Aquatic Pilates, Tai Chi, and Yoga
Many instructors are adapting yoga postures, tai chi movements, and Pilates exercises for use in the pool. Water and air temperature must be appropriate to prevent chilling and achieve optimal benefits. Focus is on breathing techniques, core strength, muscle activation, body alignment, and flexibility.
Pilates is a nonimpact program of strengthening and stretching exercises that involve precise muscle initiation and breath control. Developed by Joseph Pilates, this format targets the torso, referred to as the powerhouse, and every movement is precise and performed with a purpose.
Tai chi is typically classified as a form of traditional Chinese martial arts. With its flowing and graceful movement patterns, tai chi transfers well into an aquatic environment, as long as the water and air temperatures are appropriately warm. Benefits of aquatic tai chi include balance, coordination, agility, flexibility, and mental focus.
Yoga programs typically focus on alignment and lengthening of the spine while coordinating movement with breath. There are many styles of yoga, including hatha, iyengar, vinyasa, and astanga. Postures, or asanas, are intended to quiet the mind and enhance focus. Practicing yoga in a warm-water pool increases static strength because isometric contractions are required to maintain postures. The overall goal is to train the body, mind, and spirit simultaneously to restore balance.
Pre- and Postnatal
Aquatic programs are ideal for women during pregnancy and postpartum because of the reduced amount of impact stress during aerobic activity, the cool and comfortable environment, and the continuous resistance created by the water. Water programs can allow women to continue their fitness program throughout pregnancy when land-based workouts become unsafe or uncomfortable. Another option that has become popular is parent-child programs.
In a perinatal class, the focus should be on maintaining the current level of fitness rather than striving to make significant improvements. The warm-up and cool-down should be longer and should have more gradual changes in intensity. Choreography should be kept simple and allow for postural imbalances, and proper nutrition and hydration should be encouraged. A physician’s approval is recommended for all perinatal participants. Caution participants to monitor intensity, limit stretching activities to prepregnancy range of motion, and avoid becoming overheated during exercise. See chapter 11 for additional information.
The Arthritis Foundation has developed an aquatic certification program for instructors wishing to lead specialized arthritis programs. Other instructors choose to mainstream participants with minor arthritis into general programs. Remember that either way the initial focus of participants with arthritis is to regain and maintain range of motion and functional skills. Some participants might also desire to improve aerobic capacity, develop muscular strength, or alter body composition, but these goals must be achieved without compromising safety. Follow the two-hour pain rule. If the participant experiences pain or soreness for more than two hours after a workout, the work intensity or duration was too demanding.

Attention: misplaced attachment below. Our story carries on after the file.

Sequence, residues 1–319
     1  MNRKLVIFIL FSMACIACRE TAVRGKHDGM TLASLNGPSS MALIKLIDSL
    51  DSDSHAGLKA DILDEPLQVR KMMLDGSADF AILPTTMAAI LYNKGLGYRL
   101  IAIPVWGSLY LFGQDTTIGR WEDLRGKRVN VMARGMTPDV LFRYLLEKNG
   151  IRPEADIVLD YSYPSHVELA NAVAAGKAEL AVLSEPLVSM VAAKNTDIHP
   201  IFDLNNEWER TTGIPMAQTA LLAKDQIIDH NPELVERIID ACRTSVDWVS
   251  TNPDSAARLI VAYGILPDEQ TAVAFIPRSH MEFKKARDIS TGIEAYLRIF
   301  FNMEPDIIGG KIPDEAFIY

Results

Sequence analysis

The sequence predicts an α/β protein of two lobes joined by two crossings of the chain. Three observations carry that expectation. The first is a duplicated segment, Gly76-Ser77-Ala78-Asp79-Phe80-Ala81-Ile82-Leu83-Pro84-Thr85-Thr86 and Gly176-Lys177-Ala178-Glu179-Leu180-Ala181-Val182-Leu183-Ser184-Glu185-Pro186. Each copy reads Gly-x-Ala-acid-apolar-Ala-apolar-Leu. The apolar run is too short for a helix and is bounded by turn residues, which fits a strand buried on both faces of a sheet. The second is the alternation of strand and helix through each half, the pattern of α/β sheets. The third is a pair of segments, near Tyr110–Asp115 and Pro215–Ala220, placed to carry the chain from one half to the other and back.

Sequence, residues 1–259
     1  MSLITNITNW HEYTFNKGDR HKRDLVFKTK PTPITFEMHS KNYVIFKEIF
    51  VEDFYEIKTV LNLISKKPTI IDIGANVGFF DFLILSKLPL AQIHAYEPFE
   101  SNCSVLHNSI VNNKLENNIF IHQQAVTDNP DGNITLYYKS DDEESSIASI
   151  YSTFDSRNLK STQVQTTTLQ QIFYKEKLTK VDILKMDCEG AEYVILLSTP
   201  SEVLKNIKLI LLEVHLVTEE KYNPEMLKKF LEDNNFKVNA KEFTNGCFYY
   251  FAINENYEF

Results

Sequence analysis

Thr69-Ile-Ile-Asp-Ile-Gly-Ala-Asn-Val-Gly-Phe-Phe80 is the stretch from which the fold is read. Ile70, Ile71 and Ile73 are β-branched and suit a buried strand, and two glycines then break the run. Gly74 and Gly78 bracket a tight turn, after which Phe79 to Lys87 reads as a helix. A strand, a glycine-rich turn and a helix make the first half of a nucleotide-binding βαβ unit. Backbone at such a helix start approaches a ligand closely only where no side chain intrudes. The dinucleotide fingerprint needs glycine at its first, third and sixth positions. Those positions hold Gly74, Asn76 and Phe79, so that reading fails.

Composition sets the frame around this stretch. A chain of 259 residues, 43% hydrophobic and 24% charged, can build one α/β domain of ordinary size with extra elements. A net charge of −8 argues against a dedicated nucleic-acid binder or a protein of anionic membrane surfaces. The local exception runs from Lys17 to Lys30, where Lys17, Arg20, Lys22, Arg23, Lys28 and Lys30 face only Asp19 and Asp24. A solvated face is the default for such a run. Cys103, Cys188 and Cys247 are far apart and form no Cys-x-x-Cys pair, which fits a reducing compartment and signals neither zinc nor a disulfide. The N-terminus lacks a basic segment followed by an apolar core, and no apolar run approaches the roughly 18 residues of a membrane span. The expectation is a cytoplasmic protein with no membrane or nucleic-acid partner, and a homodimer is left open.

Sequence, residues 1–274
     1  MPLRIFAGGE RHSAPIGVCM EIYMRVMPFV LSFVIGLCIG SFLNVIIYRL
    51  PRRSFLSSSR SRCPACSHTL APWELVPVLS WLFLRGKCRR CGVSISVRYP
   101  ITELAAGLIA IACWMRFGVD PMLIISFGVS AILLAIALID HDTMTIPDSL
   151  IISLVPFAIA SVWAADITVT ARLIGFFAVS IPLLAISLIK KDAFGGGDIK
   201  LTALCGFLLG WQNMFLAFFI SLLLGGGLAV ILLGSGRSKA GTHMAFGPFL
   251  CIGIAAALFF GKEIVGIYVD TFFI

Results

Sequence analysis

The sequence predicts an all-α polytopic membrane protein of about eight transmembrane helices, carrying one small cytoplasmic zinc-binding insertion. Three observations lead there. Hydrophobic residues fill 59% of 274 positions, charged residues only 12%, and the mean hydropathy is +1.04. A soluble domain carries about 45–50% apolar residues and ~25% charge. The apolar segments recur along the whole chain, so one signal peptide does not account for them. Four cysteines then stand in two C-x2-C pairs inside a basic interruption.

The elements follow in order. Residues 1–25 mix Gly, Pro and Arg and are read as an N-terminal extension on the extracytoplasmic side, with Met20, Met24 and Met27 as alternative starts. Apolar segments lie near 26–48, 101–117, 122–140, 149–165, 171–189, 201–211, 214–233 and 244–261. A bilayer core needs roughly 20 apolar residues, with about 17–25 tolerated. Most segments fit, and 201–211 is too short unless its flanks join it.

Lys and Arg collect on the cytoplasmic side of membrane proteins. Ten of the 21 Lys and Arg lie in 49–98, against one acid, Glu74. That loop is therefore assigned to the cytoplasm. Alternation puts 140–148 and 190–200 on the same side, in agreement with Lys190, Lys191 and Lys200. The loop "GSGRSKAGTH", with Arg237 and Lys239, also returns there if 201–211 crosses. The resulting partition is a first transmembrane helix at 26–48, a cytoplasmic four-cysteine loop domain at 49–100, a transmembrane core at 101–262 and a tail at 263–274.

Warm water is more comfortable and allows for lower-intensity activities without becoming chilled. The warm-up is critical and should be longer than typical fitness programs. Limit the number of repetitions performed per muscle group, and try to submerge the afflicted joint during movement. Focus on all muscle groups and fine motor skills, such as movements in the fingers, wrists, ankles, and feet. Safe access into the pool and locker rooms must also be considered. See chapter 11 for additional information.
Aquatic Personal Training and Small-Group Fitness
Aquatic personal training and small-group fitness formats are gaining popularity. There are many applications for these training formats, including the transition from rehabilitation or therapy to group exercise. The following definitions are taken from the Personal Pool Programming course developed by Innovative Aquatics. Personal training is individualized and customized fitness programs designed to meet the needs and goals of a specific client. Sessions are designed to enhance overall health and fitness based on the individual objective of any given client. Small-group fitness is defined as two to five individuals working under the guidance of a fitness professional to achieve optimal health and fitness benefits through a more intimate and personal setting than group exercise. Under the guidance of the fitness professional, optimal results can be achieved and exercise plateaus reduced through this type of setting.
This is an excerpt from Aquatic Fitness Professional Manual, Sixth Edition.